N95 respirators: the gold standard in respiratory protection

Since the beginning of the pandemic, healthcare agencies like the WHO, the CDC and Health Canada have recommended that healthcare workers and other medical first responders wear certified respirators to protect themselves against COVID-19.

N95 respirators are considered the gold standard in personal protective equipment (PPE) because they filter out at 95% of small particles that include bacteria and viruses. Health Canada has created an equivalent standard called 95PFE-L2 that are certified by the CSA. The filter works by trapping bacteria and viruses before they pass through the mask, protecting both wearers and those around them. However, only an authentic respirator that meets specific standards of NIOSH and/or CSA can ensure this level of protection, whereas a fake respirator may not filter out airborne particles effectively, potentially putting the wearer at significant risk.

As demand for certified respirators increased, counterfeit masks have flooded the market. In fact, in 2020, US Customs and Border Protection (CBP) seized over 14.6 million counterfeit respirators entering the US.1

How to spot a fake N95 type respirator

Before you buy

Counterfeit N95s are respirators that are falsely marketed as being NIOSH-approved. These masks may not provide adequate respiratory protection and therefore, should be avoided. To determine whether an N95 respirator is fake or not, NIOSH markings are key, but according to CDC guidance, there are a few ways to avoid getting stuck with counterfeit respirators even before you place your order:

When buying respirators online directly through a website:

  • Is the brand listed on the CDC approved respirator list or in the Health Canada Guidance document?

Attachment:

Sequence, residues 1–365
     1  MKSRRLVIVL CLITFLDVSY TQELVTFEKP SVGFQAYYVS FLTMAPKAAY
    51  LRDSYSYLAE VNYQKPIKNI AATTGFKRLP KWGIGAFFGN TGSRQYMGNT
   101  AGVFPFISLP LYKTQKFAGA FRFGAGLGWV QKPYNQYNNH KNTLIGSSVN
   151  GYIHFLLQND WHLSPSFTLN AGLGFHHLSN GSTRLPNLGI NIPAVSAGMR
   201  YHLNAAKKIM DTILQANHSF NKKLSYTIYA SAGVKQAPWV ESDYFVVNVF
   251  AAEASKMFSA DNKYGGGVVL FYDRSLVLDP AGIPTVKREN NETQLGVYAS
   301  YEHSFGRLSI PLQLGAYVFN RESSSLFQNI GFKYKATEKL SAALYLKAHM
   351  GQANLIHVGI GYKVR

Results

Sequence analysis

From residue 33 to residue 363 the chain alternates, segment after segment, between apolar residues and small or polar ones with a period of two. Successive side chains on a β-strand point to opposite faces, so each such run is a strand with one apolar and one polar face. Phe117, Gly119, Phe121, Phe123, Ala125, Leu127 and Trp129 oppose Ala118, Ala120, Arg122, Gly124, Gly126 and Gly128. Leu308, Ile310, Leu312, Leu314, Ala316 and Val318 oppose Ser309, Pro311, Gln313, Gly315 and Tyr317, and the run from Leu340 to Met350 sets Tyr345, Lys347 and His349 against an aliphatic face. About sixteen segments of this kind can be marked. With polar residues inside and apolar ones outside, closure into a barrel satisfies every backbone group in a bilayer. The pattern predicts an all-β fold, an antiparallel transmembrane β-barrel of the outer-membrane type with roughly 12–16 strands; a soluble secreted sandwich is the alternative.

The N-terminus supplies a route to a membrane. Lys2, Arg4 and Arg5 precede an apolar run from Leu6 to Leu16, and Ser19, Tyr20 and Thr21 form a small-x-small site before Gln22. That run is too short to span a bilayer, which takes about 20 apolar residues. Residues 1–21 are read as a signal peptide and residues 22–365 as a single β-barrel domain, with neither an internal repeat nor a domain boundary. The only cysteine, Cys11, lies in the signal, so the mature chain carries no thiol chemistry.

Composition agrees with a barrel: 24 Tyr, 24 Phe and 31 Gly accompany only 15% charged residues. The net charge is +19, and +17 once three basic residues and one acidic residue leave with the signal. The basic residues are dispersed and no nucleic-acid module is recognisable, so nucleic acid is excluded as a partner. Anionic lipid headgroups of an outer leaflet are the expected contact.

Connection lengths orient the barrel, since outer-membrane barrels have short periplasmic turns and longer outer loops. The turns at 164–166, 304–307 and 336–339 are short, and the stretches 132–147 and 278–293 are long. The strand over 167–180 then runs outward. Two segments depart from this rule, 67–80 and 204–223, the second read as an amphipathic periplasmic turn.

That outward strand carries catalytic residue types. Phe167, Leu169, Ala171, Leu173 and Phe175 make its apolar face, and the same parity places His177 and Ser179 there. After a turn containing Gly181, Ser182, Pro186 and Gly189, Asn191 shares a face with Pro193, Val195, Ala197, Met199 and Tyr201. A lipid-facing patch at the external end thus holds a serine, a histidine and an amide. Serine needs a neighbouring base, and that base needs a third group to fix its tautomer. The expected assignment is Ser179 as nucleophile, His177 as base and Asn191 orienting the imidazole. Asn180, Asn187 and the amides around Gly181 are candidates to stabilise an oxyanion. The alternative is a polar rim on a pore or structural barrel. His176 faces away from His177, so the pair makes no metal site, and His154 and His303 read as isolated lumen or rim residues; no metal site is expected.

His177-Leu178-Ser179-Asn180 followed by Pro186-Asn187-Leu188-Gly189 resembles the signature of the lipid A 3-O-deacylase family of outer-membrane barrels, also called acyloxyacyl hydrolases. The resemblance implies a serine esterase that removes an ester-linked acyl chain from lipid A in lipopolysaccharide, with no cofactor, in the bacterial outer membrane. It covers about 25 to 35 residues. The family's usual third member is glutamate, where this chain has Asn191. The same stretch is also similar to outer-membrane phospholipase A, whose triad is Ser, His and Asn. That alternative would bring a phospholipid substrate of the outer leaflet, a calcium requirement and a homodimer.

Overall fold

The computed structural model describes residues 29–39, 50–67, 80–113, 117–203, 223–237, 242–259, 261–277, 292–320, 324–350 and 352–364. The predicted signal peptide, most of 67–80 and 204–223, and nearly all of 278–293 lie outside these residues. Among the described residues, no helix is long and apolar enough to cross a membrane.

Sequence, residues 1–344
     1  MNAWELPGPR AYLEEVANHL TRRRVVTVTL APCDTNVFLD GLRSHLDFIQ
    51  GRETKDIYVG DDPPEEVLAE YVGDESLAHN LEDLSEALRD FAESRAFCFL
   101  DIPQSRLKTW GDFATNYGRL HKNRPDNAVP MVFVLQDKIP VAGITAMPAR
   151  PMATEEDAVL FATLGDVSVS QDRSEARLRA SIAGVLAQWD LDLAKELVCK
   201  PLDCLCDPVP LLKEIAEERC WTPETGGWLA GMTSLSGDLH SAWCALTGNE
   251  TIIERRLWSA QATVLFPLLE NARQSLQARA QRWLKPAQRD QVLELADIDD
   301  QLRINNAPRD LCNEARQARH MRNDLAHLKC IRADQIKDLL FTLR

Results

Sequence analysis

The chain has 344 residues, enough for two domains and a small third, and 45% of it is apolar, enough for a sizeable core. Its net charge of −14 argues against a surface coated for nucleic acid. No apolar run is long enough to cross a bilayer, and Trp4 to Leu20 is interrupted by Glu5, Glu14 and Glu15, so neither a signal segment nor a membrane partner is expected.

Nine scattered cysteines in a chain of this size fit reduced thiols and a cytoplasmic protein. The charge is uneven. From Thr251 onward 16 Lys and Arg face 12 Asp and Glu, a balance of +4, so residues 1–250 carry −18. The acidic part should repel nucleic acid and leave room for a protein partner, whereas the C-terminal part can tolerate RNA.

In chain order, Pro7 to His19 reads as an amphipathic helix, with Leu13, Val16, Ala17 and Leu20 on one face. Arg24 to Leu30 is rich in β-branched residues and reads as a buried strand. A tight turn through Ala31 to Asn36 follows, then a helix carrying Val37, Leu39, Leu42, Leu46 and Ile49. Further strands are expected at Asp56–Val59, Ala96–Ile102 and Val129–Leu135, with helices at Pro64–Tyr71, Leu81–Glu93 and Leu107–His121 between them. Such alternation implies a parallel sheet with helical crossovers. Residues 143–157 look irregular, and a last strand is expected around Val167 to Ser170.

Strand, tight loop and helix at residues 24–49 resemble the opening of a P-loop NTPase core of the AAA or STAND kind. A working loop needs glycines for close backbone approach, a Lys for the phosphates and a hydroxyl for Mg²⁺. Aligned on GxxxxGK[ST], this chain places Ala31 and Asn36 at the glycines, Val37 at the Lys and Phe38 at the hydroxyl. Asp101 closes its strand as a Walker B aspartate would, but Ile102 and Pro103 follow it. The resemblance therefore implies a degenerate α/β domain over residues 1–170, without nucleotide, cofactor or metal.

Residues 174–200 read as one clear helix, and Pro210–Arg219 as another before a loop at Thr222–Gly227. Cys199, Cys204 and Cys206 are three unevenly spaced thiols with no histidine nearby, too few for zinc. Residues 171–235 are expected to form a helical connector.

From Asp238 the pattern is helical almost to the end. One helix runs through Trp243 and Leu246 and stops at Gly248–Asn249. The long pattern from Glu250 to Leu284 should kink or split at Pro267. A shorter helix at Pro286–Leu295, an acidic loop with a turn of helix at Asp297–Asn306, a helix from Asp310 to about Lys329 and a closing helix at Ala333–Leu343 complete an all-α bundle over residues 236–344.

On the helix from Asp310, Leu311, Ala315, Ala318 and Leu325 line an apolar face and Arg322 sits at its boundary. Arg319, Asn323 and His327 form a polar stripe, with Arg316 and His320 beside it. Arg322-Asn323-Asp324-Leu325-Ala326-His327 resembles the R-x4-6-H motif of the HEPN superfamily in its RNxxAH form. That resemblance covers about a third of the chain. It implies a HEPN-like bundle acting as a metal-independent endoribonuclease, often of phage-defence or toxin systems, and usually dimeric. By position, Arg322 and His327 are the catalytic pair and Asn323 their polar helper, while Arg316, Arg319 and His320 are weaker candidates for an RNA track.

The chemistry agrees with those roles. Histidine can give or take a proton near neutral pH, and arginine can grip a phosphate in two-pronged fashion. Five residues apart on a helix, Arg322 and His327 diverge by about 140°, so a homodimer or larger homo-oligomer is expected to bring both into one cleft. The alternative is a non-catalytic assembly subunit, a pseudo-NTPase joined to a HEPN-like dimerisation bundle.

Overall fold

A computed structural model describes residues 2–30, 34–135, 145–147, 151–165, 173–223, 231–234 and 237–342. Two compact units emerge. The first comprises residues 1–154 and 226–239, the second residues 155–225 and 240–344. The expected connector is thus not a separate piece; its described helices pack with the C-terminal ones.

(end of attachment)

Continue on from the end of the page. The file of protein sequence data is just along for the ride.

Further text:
• Is the primary contact email address connected to the website or is it a free email account?
  • Is the website content filled with typos, bad grammar, dummy text, blank pages, broken links and other errors?
  • Does the site contain incorrect names or logos or misspellings in the domain name?

All of these are red flags that might indicate that you are not dealing with a reputable company.

When buying respirators through a third-party marketplace:

  • If a listing has to claim that its product is “legitimate” or “genuine,” it probably isn’t.
  • Check the product and seller reviews for negative feedback.
  • Is the seller marketing the same products over time, or do they cater to trends? Legitimate businesses and distributors typically list a consistent offering over time.
  • Does it seem too good to be true? If it does, it probably is.
  • Check the quantity a seller has in stock. If the seller is advertising “unlimited stock” in the midst of a shortage, this could be an indication that the product is not authentic.
  • Does the seller break marketplace policy by displaying their own contact information within images? A legitimate business would not try to circumvent marketplace policy.

After you buy

How to check if your N95 is real

If you’ve already received the respirators you ordered from a website or marketplace, how can you tell if they are legitimate products?

First rule of thumb: No NIOSH markings means no approval.

The most important aspect of determining whether your respirator is a reliable N95 respirator is National Institute for Occupational Safety and Health (NIOSH) approval. NIOSH is a section of the U.S. Centers for Disease Control and Prevention that focuses on worker health and safety. For an N95 respirator to receive NIOSH approval, it must filter at least 95% of airborne particles.2

All NIOSH-approved N95 respirators are required to have the following markings:

  1. Name of approval holder/manufacturer business name, a registered trademark, or an easily understood abbreviation of the applicant/approval holder’s business name as recognized by NIOSH. When applicable, the name of the entity to which the FFR has been private labeled by the approval holder may replace the approval holder business name, registered trademark, or abbreviation of the approval holder business name as recognized by NIOSH.
  2. NIOSH in block letters or the NIOSH logo.